A plaintiff’s decision to quit her job is within her discretion. But the Supreme Court, in Pennsylvania State Police v. Suders, 124 S.Ct. 2342 (2004), determined that a plaintiff who quits her job after being sexually harassed by her supervisor may be able to benefit in her lawsuit from her unilateral decision.

By way of background, in supervisor harassment cases, whether there is a “tangible employment action” from the supervisor’s harassment is important. If the harassment culminates in a tangible employment action, then an employer will be vicariously liable for the sexually harassing conduct. If there is no tangible employment action, then the employer can avoid liability by showing an affirmative defense: “(a) that the employer exercised reasonable care to prevent and correct promptly any sexually harassing behavior, and (b) that the plaintiff employee unreasonably failed to take advantage of any preventive or corrective opportunities provided by the employer or to avoid harm otherwise.” Burlington Industries, Inc. v. Ellerth, 524 U.S. 742, 118 S.Ct. 2257, 141 L.Ed.2d 633 (1998) and Faragher v. City of Boca Raton, 524 U.S. 742, 118 S.Ct. 2275, 141 L.Ed.2d 662 (1998). A “tangible employment action” is generally defined as one making a significant change in employment status, such as hiring and firing, failing to promote, and reassignment with significant changes in responsibilities. Burlington 118 S.Ct. at 2268-2269.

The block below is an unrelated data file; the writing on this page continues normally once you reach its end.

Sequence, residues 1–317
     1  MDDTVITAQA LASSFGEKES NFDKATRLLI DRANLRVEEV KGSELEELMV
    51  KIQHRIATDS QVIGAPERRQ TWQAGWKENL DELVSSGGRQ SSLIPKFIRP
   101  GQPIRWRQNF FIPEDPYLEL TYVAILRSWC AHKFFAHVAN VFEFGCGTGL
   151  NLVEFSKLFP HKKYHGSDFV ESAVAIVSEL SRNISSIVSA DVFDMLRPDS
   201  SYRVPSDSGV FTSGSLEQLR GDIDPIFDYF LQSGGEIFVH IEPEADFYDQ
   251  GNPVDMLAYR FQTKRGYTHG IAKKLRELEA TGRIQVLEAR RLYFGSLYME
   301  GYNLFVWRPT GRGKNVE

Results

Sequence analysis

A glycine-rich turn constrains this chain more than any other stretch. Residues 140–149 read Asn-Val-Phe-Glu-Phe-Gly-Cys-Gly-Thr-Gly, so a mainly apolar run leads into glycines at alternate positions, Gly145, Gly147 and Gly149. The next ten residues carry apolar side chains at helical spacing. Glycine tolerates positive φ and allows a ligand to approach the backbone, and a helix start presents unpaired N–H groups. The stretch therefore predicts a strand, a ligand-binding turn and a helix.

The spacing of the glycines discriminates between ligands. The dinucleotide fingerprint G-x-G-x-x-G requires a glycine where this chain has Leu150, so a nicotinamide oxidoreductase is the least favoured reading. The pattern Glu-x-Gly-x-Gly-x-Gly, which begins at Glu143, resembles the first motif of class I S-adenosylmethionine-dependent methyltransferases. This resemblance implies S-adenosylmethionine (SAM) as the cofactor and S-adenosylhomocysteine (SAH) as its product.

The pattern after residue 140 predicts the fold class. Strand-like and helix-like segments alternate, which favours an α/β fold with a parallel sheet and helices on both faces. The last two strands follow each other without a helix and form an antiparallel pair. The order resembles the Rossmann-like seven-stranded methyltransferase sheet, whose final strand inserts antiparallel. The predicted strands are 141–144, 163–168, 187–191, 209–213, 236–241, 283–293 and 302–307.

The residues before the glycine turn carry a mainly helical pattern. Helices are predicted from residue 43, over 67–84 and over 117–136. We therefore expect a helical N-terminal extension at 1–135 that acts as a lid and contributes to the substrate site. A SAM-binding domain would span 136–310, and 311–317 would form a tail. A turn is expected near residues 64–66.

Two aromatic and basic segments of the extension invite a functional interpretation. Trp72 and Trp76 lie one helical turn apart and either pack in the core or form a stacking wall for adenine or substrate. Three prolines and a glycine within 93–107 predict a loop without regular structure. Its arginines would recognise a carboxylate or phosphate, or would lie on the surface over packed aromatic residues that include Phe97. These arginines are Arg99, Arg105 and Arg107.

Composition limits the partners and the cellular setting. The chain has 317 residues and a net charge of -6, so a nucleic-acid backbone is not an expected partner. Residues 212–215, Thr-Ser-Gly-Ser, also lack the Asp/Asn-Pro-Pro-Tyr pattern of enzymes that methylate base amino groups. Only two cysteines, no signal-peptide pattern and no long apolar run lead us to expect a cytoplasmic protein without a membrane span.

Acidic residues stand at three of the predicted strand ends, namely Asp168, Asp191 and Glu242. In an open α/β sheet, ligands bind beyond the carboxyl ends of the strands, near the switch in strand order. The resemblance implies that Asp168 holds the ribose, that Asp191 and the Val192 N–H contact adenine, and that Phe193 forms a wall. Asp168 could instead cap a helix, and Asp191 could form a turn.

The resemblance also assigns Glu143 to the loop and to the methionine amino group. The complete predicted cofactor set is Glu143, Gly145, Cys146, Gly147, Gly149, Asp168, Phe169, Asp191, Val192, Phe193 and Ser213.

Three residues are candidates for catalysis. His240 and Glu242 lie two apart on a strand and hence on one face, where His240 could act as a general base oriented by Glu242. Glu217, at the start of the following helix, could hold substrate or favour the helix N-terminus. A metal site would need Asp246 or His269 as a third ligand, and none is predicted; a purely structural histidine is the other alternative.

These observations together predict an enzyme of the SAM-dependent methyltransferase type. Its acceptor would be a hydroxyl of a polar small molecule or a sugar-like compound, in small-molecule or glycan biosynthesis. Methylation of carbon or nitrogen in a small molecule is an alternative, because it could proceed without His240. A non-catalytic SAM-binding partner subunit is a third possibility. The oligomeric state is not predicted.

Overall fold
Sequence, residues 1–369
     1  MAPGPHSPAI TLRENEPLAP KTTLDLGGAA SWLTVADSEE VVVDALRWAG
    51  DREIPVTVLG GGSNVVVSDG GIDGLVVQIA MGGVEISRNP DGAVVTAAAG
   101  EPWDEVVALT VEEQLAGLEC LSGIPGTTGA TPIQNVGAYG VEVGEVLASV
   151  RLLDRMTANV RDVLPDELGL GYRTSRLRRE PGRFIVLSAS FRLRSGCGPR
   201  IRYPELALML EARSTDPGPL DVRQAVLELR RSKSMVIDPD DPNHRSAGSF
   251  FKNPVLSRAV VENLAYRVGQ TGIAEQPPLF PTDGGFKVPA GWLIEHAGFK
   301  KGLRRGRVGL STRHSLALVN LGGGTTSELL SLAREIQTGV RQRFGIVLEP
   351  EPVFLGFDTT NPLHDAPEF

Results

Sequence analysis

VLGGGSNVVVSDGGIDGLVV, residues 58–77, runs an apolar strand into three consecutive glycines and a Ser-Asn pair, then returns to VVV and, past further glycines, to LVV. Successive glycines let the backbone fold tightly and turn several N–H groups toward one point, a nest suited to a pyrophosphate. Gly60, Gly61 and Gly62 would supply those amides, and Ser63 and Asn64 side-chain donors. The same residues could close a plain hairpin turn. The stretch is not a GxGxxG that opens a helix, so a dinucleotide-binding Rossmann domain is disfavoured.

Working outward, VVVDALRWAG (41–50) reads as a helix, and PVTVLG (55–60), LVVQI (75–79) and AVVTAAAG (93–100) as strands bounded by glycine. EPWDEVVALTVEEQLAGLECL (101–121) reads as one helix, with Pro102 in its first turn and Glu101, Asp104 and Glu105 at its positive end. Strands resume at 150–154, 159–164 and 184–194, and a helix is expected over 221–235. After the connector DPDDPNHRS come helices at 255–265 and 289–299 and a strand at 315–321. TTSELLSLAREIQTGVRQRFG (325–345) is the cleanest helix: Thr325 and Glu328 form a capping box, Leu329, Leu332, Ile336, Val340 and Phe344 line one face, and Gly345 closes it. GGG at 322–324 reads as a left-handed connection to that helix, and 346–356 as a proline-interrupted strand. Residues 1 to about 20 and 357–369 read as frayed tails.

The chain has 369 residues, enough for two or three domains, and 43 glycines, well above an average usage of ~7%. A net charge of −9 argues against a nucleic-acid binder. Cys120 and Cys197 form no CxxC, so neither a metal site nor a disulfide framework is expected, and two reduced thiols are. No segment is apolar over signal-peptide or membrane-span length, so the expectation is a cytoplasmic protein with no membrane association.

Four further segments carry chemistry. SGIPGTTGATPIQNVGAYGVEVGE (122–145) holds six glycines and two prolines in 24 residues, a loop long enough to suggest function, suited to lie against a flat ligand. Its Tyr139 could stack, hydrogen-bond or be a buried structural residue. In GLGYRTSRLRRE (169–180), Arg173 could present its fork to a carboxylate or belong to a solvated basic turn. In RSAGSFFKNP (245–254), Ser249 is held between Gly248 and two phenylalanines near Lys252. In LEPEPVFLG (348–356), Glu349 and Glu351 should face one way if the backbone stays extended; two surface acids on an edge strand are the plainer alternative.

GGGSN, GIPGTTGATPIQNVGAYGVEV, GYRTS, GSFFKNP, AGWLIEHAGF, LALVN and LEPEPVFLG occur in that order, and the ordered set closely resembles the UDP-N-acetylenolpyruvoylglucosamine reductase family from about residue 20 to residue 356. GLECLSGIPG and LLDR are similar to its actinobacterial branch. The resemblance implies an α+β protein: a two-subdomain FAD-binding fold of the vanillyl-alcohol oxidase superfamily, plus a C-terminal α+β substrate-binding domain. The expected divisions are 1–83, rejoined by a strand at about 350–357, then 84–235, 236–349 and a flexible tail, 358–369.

Before Suders, the circuit courts were split regarding whether a plaintiff, who quit her job because her working conditions were intolerable as a result of supervisor harassment, had suffered a “tangible employment action.” Under Suders, whether this is a tangible employment action depends on the circumstances and the following analysis. First, is there a constructive discharge? This requires a plaintiff to show her working conditions were so intolerable that a reasonable person would have felt compelled to resign. Second, if there was a constructive discharge, did the employee quit in response to some “official act” by the harassing supervisor brought about by the harasser’s supervisory position (such as a demotion or reduction in pay)? If so, the constructive discharge will be considered a “tangible employment action” and the employer will be liable for the harassment. If not, the employer will be able to introduce evidence to try to show the affirmative defense.